The villages of the area sit among gorgeous, lush vegetation

Wire bridge over a river. In the wet season the water rises nearly to the base of the bridge - hard to imagine when it looks so peaceful. This "modern" bridge felt a lot more precarious than the traditional root bridges pictured below!

The water in the rivers is amazingly blue at this time of year

The "double decker" root bridge. They look like they should sway crazily when you step on them but they don't budge an inch.

Steps down to the double decker bridge

Village woman on her way to do her washing

My guide, Kupar, and a friend

Cuddling a kitten always makes the world seem a better place....

...especially when this is the view.

Lemons stacked up on the porch. This was the house of a local family who had given over their porch space to be a makeshift store selling refreshments where visitors could stop for a cup of chai. It was such a lovely relaxing place to stop for a while, even with Cartoon Network on the TV in the living room!

Natural swimming pool near the double decker bridge. Most of the rocks visible are underwater during the monsoon, and swimming is out of the question. But in January, it's perfect for a dip - especially for sweaty red-faced westerners who've just huffed and puffed their way down a couple of thousand stone steps.

Me on the double decker bridge. 

Villagers washing clothes in the river. It looked like hard work, but it sure as hell beats the launderette on Albert Square.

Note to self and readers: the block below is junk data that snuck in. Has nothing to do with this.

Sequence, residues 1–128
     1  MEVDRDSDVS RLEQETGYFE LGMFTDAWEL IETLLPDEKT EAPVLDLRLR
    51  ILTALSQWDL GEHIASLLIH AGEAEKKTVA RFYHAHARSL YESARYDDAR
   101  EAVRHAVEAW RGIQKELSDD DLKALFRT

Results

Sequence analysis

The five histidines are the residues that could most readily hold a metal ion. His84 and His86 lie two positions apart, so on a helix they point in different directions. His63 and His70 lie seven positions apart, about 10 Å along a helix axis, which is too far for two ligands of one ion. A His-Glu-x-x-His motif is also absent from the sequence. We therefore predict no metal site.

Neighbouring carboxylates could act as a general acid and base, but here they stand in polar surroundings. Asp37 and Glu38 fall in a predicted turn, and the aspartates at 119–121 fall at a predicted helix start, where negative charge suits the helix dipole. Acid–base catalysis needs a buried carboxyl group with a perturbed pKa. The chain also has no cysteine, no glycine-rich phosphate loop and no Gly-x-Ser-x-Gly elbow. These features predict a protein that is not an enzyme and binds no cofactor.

The house where we stopped for drinks and kittens.

Kupar contemplating.

Happy as Larry. The water was fantastic - cold and clear, just how I like it. Outdoor swimming is one of the purest natural pleasures you can get, and this is one of the best places to do it I've ever come across.

Kupar making short work of a bridge. I was rather less confident.

Steps up to one of the root bridges. Just can't get hobbits out of my head.

Brooms lined up on the roof of a village house.

Kupar beginning the hike back up to the ridge. Needless to say he managed this rather more quickly than me.

Kupar resting. Honestly. He needed to rest. He wasn't just waiting for me to be able to breathe again.

Tyrna village. It was striking how well-kept the villages in this part of India are, despite the fact that it's far from being one of the wealthier parts of the country.

Hard at work in Tyrna village.

One thing Meghalaya has in common with the rest of India: photogenic kids.

This was about as clear a view of the mountains as I got, sadly.

The Ummunoi root bridge.

I liked the shape these lines of washing made, like the spokes of a wheel or a close up of a fan.

 The good life.

Running to keep up.

Sunset at Laitkynsew village.

Scales in the window of the local store-cum-cafe, Laitkynsew village.

A smoky final evening in Laitkynsew village.


Isa said...

Great post, and lovely pictures! Cherrapunjee (or Sohra, the local name) is always worth visiting. Glad you enjoyed your trip there.


Chris said...

I know I should call it Sohra really, but Cherrapunjee is such a beautiful name! I loved it there and am hoping to go back again to experience it during the monsoon!

carvaka said...

i am liking your north-east coverage very much.

Emily said...

Wow. I love your photos. Especially the lemons resting. The colors in that one are really striking. I'm putting this on my list of places to visit in India!

Chris said...

I'm glad you like the lemons, even though I wasn't quite satisfied with how the photo came out! You really should try to visit if you can, it is very much worth it. It's about a six hour drive from Guwahati airport.